The rule that a person traveling upon a highway has a right to assume that all other persons using the highway will obey the law, and that one is not bound to keep a lookout for others who may violate the law, applies only to those cases where the automobile is being driven in conformity to the law and not in violation thereof, and it has no application where the automobile is being driven in a negligent manner, where it is not properly equipped with lights, or where it is being driven at an excessive rate of speed. In those instances the primary negligence of the driver of the automobile renders inoperative the rule stated.
Instruction No. 8 informed the jury that when a master, either by custom or by consent, undertakes the duty of furnishing an employee with transportation between the employee's place of work and his home, it is the duty of the master to use ordinary care to furnish said employee with reasonably safe transportation and to use ordinary care to protect him from injury during said transportation, and that a failure to use such ordinary care on the part of the defendant would be negligence and would render the defendant liable to the plaintiff if such negligence directly and proximately caused or contributed to the death of decedent, unless the decedent was guilty of contributory negligence. The objection made to this instruction was that it left out of consideration the question of assumption of risk and that the words "transporting" and "transportation" used therein are too broad. The instruction was fair and announced the correct rule upon the subject and it is supported by the decisions in Pine Belt Lbr. Co. v. Riggs, supra, Producers' Refiners' Corp. v. Castile, supra, and Shunkamolah v. Potter Delco, supra. In the latter case this court held:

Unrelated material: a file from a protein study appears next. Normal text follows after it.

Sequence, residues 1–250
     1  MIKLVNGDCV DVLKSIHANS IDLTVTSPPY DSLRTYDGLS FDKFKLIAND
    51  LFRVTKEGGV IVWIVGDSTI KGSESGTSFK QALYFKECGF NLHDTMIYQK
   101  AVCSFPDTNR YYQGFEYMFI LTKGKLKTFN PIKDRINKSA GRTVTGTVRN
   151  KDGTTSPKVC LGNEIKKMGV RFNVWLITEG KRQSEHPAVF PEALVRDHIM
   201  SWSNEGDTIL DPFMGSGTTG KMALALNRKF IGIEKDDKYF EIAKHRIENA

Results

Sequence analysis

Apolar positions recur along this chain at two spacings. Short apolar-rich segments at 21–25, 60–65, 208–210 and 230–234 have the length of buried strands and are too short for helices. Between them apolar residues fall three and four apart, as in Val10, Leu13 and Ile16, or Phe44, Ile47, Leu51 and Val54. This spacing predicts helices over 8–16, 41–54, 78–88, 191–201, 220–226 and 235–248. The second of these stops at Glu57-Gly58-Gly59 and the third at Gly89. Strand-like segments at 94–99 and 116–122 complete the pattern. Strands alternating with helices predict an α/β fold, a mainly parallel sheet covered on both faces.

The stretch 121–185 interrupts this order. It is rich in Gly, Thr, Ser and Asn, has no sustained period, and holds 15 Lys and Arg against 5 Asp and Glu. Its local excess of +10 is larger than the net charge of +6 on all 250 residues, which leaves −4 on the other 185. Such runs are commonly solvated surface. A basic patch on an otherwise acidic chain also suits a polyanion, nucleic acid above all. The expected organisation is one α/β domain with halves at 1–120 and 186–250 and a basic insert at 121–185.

"If a master owe to his servant the duty to transport her to her home after her work is done, such master is required to exercise reasonable and ordinary care to furnish the servant a reasonably safe means of transportation, and if the master fails in such obligation, and such failure is the proximate cause of an injury to the servant, the master is liable for damages resulting therefrom."
Decisions from other states holding to the same effect are Watson v. Energy Construction Co. (Mo.) 286 S.W. 715; Lumber Company v. Cook (Ark.) 247 S.W. 1071; Morgan v. Lumber Company (Ore.) 148 P. 1122; Stone-Webster Co. v. Collins, 199 Fed. 581.
Defendant's further objection to the instruction is that the court did not incorporate therein the law covering assumption of risk. The law of assumption of risk as applied to the facts in this case was fully covered by instruction No. 10 and it was not necessary to include it in other instructions. Newton et al. v. Allen, supra.